Book Review: "Thomas Jefferson: The Art of Power"

It's not often anymore that I have time for a full-length book, but I recently read Jon Meacham's biography of Jefferson, "Thomas Jefferson: The Art of Power."  It took a few weeks taking it on long flights and reading before bed, but it's very worth the time.

Meacham covers the entire arc of Jefferson's life, giving plenty of space to his formative years in Virginia and looking at the influences that shaped him prior to obtaining high office.

By Meacham's account, Jefferson seldom would be directly critical of others, even political opponents or enemies.  His politeness and tact were the surface that people saw, while he worked quietly and diligently behind the scenes to consolidate alliances and test the waters to ensure that he seldom engaged in battles he could not win.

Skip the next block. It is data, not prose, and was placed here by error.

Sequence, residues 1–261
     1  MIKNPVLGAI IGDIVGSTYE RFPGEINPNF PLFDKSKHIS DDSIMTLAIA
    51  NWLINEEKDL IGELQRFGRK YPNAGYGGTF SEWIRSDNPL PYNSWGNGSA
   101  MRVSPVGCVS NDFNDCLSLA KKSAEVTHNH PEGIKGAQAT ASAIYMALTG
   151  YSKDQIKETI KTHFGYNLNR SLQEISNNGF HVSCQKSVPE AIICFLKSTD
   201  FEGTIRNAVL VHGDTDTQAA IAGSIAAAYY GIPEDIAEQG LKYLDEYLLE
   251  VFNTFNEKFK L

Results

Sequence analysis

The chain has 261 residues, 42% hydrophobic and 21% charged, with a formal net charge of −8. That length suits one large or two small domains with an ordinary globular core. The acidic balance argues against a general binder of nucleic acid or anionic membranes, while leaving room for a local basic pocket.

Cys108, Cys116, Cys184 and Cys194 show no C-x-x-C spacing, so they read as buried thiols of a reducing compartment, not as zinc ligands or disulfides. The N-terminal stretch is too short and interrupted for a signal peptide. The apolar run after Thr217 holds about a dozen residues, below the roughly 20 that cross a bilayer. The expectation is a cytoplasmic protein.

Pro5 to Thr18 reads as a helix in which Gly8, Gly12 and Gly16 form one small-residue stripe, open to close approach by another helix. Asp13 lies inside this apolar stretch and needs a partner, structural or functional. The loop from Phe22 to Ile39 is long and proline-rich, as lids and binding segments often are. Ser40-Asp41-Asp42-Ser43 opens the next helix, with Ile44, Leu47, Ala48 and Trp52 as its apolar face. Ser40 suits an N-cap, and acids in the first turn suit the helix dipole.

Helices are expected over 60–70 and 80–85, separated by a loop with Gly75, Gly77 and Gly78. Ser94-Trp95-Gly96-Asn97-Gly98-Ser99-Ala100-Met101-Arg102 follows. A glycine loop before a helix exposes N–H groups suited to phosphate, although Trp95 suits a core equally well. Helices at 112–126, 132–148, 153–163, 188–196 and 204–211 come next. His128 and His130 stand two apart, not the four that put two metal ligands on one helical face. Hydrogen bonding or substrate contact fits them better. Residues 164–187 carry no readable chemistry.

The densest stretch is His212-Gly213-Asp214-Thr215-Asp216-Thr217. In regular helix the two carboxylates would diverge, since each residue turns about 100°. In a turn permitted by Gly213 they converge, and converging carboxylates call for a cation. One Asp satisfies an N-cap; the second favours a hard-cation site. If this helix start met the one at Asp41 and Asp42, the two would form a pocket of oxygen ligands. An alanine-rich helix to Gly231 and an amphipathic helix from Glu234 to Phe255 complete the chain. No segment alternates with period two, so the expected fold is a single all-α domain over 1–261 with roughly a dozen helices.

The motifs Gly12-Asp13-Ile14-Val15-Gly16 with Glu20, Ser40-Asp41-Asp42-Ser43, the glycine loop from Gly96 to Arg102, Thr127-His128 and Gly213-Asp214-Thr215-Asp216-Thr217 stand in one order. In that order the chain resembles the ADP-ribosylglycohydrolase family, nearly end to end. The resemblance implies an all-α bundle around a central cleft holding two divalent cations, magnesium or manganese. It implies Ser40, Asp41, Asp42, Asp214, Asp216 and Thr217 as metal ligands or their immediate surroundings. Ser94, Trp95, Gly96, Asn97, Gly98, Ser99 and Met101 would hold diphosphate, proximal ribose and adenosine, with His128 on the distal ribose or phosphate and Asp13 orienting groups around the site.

Meacham does not avoid the issue of slave ownership, treating it thoroughly, but noting the complexities of the time and Jefferson's complicated relationships with his slaves.  He finds some evidence that Jefferson supported abolition as a concept, but his assessment of the political situation was that it would be a lost cause to fight for publicly.

Libertarians have a soft spot for Jefferson, due to many of his writings and quotations having a strong libertarian bent, but the picture Meacham paints is of an idealist who was an absolute realist about policy and the exercise of governmental power.  His ideas were lofty, but he also had skill as a political tactician in not seeking too much and knowing when to negotiate.

If you're interested in the man behind the legend of a Founding Father, Jon Meacham's "Thomas Jefferson: The Art of Power" is worth a read.


Real change starts with the man in the mirror

There are so many people in the world who are not doing what they should.  When I find myself focusing on the actions of others, I find it helpful to listen to Michael Jackson's classic, "Man in the Mirror